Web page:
There was recently a scenario we had whilst working with a client, where we had an ESXi host running version 5.5 using a single VLAN. All of the Virtual Machines were in a single port-group, and they were untagged, sending traffic to a neighbouring Cisco switch where the port was configured as an access port. There were a couple of vmkernel ports on the vswitch too.

A requirement came up to have multiple VLANs on the ESX host, to provide some separation and security. At the same time, we wanted to avoid downtime to the existing VM’s, and as we were accessing this environment remotely, we couldn’t afford to lose the management interface. For the monitoring, management and logging services, we also didn’t want to change the IP address of the vmkernel ports.

So…this is what we did:

  1. First, we created a second vswitch. We associated this with a spare NIC on the server, and configured the Cisco end as a trunk port (luckily for us it was pre-cabled!).
  2. We created a new port-group for the VM’s – this time tagged with the VLAN ID.
  3. One by one, the VM’s were moved into the new port-group by editing the VM settings and selecting the new port-group for the NIC. This does cause a very slight network disruption, but so slight we didn’t even lose a ping for half the VM’s – and for the other half it was just a single ping loss.
  4. For all vmkernel ports except the management one, we then deleted them and recreated them on the second switch – with vlan tagging.
  5. For the management vmkernel port:
    1. First, a second vmkernel port was created on the second switch. This was temporarily given another IP from the same subnet. Management access was tested to this port.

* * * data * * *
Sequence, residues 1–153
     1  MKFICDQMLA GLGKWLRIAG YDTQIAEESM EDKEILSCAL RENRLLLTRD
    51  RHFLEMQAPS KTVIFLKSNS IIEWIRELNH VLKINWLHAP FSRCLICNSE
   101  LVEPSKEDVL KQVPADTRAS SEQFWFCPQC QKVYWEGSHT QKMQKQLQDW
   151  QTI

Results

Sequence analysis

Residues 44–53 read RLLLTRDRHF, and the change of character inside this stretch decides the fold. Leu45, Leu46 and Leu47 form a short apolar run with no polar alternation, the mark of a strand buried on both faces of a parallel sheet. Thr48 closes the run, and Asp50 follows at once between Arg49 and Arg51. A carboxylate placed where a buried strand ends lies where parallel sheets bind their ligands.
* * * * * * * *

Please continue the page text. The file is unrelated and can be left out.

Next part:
2. Next, while connected to the management via the new vmkernel port IP, the original vmkernel port was moved to a another temporary IP in the VLAN, freeing up the original address.
    3. While connected to the original vmkernel port on it’s temporary IP, we then re-IP’d the new vmkernel port to the original IP, so we now had a vmkernel port on the second switch with the original management IP of the ESXi host.
    4. Logging in via the old IP (and the new vmkernel on the second switch), we then deleted the original vmkernel port, and also the original switch.
    5. At this point we lost access to the management port. This was unexpected, to say the least. We had to use ILO to access the DCUI and restart management services. Not sure why, it seems like it got confused and the service died or something. No “production” (i.e. VM) traffic was impacted, we only lost management. We didn’t actually have to reconfigure anything via the DCUI, just select “Restart Management Services”. Make sure you don’t have strict lockdown mode enabled before doing this!

This method worked for us for migrating the vmkernel port to a second standard vswitch, allowing us to reconfigure the uplinks to allow tagged VLANs. Our client is now free to create as many VLANs and port-groups as they like.

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